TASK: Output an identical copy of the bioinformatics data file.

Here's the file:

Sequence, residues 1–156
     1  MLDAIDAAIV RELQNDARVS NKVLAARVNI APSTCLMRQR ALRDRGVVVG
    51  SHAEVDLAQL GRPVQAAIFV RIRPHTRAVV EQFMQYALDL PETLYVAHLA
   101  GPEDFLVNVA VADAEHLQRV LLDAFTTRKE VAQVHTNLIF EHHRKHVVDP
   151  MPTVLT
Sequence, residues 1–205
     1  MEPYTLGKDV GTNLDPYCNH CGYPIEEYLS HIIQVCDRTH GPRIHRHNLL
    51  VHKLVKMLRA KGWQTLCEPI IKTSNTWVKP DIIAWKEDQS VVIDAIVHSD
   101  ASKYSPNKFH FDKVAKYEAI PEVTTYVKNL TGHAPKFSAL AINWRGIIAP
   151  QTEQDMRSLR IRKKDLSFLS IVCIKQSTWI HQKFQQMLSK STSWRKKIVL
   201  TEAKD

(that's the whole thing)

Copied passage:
Sequence, residues 1–156
     1  MLDAIDAAIV RELQNDARVS NKVLAARVNI APSTCLMRQR ALRDRGVVVG
    51  SHAEVDLAQL GRPVQAAIFV RIRPHTRAVV EQFMQYALDL PETLYVAHLA
   101  GPEDFLVNVA VADAEHLQRV LLDAFTTRKE VAQVHTNLIF EHHRKHVVDP
   151  MPTVLT
Sequence, residues 1–205
     1  MEPYTLGKDV GTNLDPYCNH CGYPIEEYLS HIIQVCDRTH GPRIHRHNLL
    51  VHKLVKMLRA KGWQTLCEPI IKTSNTWVKP DIIAWKEDQS VVIDAIVHSD
   101  ASKYSPNKFH FDKVAKYEAI PEVTTYVKNL TGHAPKFSAL AINWRGIIAP
   151  QTEQDMRSLR IRKKDLSFLS IVCIKQSTWI HQKFQQMLSK STSWRKKIVL
   201  TEAKD